We bow, we adore, we fall down at His throne,
He gathers us into His arms as His own!
He seats us in glory beside Him above,
To crown His achievement with splendors of love!

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What a great old hymn that tells of the Lord’s grace to us and the Worship that is due Him.

Neil Barham grew up in Lou­i­si­a­na and has lived all over the south­ern Unit­ed States. He was trained as a Pres­by­ter­i­an pas­tor and served as a teach­er in Christ­ian schools in Georg­ia, Ten­nes­see, and Lou­i­si­a­na. As of 2005, he lived in Mi­a­mi, Flor­i­da, where he, his wife Ju­lie, and his child­ren Han­nah, Seth, and Le­ah are mem­bers of the Ken­dall Pres­by­ter­i­an Church.

Inspired by the ex­am­ple of Will­iam Cow­per, Neil be­gan writ­ing hymns to com­bat spir­it­u­al de­press­ion. He has 19 hymns on Cyber Hymnal.

For an article about Neil Barham – Click Here

More Birds in Hymns

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Eagles and The Atmosphere of Grace – by April Lorier

EagleFlySM1Today I am learning from the Eagle. This is appropriate since I have always been a bird watcher and even raised birds for several years. Eagles, in particular, have always fascinated me – especially the Bald Eagle. Did you know there are over a hundred species of eagles? But because our National Emblem has been the Bald Eagle since 1782, it has had more “face time” in the classroom. It is no longer on the endangered list since June of last year.

Every state in our Union has eagles except Hawaii, so people are constantly reporting “eagle sightings”. The Bald Eagle (Haliaeetus leucocephalus) is a member of the sea and fish eagle group, and once it mates, it mates for life! That’s right: no hanky panky in the bald eagle world!

Mama Eagle lays from one to three eggs and the pair share the 35 days of incubation. (No deadbeat fathers here!) The nesting cycle is about 20 weeks.

The female bald eagle is 35 to 37 inches, slightly larger than the male, and has a wingspan of 72 to 90 inches. She flies at altitudes of 10,000 feet, and during level flight, she can achieve speeds of about 30 to 35 mph. She weighs only 10-14 lbs, and her bones are light because they’re hollow. She is known for exceptional eyesight at far distances.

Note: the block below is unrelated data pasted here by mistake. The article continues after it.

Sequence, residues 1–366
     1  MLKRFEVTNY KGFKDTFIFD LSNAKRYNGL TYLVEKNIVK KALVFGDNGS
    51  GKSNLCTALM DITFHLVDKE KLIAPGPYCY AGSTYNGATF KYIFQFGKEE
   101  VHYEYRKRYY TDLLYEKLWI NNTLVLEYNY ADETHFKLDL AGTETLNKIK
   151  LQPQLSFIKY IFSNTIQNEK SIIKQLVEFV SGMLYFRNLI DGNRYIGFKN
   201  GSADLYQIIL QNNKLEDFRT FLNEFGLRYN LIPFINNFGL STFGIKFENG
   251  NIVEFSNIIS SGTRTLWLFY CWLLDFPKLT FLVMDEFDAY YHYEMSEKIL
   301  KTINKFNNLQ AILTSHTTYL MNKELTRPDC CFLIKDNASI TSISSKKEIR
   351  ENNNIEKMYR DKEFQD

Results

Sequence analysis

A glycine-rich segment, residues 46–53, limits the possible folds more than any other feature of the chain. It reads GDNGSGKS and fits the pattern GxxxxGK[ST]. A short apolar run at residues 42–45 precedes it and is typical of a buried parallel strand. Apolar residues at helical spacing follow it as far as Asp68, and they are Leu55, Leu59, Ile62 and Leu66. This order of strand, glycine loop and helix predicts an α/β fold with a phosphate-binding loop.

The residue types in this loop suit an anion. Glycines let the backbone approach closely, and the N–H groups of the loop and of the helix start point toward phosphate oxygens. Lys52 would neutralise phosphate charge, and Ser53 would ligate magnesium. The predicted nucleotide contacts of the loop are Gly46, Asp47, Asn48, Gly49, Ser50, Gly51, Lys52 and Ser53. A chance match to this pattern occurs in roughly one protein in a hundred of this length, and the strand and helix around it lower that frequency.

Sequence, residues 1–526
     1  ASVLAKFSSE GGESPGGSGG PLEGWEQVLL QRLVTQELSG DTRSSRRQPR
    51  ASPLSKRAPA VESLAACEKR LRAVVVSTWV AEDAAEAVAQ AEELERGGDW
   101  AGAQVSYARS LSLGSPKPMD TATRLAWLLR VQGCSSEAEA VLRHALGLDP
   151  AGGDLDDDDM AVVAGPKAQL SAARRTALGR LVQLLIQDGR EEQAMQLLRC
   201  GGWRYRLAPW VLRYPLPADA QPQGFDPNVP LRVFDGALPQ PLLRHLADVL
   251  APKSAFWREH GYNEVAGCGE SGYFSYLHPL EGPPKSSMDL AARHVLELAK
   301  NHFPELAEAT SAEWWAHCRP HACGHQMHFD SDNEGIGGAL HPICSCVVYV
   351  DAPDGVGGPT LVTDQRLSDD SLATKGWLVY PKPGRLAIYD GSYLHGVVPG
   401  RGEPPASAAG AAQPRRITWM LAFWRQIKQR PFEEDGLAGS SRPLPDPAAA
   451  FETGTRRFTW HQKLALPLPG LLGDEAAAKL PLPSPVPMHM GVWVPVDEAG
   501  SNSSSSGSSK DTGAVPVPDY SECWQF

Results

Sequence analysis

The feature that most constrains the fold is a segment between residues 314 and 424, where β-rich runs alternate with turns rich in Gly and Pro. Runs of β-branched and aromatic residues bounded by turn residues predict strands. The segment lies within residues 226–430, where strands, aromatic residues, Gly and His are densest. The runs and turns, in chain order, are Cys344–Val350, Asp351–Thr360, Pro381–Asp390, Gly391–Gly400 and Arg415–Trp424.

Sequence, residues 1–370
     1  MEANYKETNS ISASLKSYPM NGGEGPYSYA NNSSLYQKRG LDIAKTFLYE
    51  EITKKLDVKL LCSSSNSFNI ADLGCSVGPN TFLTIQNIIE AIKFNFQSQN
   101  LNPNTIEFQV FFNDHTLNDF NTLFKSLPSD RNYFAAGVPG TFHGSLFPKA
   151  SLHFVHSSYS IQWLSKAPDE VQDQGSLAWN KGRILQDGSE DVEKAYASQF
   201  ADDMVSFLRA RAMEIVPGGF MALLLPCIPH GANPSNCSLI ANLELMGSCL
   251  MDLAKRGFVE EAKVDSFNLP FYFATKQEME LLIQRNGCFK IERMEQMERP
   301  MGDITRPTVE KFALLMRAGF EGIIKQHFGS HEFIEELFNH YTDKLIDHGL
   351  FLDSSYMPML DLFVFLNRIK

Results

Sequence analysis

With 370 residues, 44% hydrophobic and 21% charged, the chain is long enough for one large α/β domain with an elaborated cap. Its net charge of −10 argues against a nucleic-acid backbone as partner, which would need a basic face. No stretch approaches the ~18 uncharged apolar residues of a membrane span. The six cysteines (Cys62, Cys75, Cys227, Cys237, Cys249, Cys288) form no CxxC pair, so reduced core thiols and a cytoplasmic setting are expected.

The most fascinating fact, I think, is that the eagle has the ability to adjust her body out of joint in order the ride the storm. Wow! What a lesson we humans can take away from that!

The eagle waits for a draft and rides it – no struggle, no wing-flapping! It’s sort of an “atmosphere of grace” similar to the Christian who “waits upon the Lord” and has less wing-flapping, less struggle. The eagle is definitely a “storm rider”!

As mothers go, the bald eagle is the best metaphor for human parenting and parenting by Father God that I can think of. Since the outside of the nest is made with sharp materials to withstand invasion from intruders, she and her mate lined the inside with fur from their prey. They made a big old feather bed!

When the time comes for those little ones to leave the nest and start fending for themselves – some where around 4 years of age — Mama Eagle starts pulling the soft material out of the nest to make it uncomfortable for them. Seems mean, but it is necessary to motivate the babies.

Then Mama Eagle starts pushing the babies towards the edge of the nest, ignoring their screams. As the babies flap their wings, they are strengthening them without knowing it. Eventually, she pushes them out of the nest, one by one. As each eaglet free-falls, screaming and squawking, Mama Eagle flies under him, spreading her massive 90-inch wingspan, and catches him before he hits ground.

Mama Eagle’s eyes are never off of her baby! She swoops up her baby and takes him back to that nest she and Daddy Eagle built out of touch from intruders. He’s safe for the time being. But tomorrow he’ll get another flight lesson from Mama Eagle. And finally, one day, he’ll figure out he can fly on his own! (Probably when there’s no more fur inside that thorn nest!)

God seems to parent me the same way. There are times when He allows this wounded child to feel safe in His feather bed. Then He knows it’s time for me to be forced out of my comfort zone. But always, His eye is on me and His protective wings are under me.

I actually felt Him lift me up on wings of eagles at my mother’s funeral after she had been killed. It was a visceral feeling, not just a spiritual one, and I floated through the day with total peace. So I know (experientially) the truth of this scripture.

They that wait upon the Lord shall renew their strength; they shall mount up with wings as eagles; they shall run, and not be weary; and they shall walk and not faint. Isaiah 40:31

(c) 2009 April Lorier

Genesis 1:1 says, “In the beginning, God created the heaven and the earth.” I have an obligation to God. I am twice His. First, I am His because of creation, and secondly, I am His because of redemption through Jesus Christ. He made me and He bought me.

Supplied by and reprinted with permission of April Lorier


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More of April’s Articles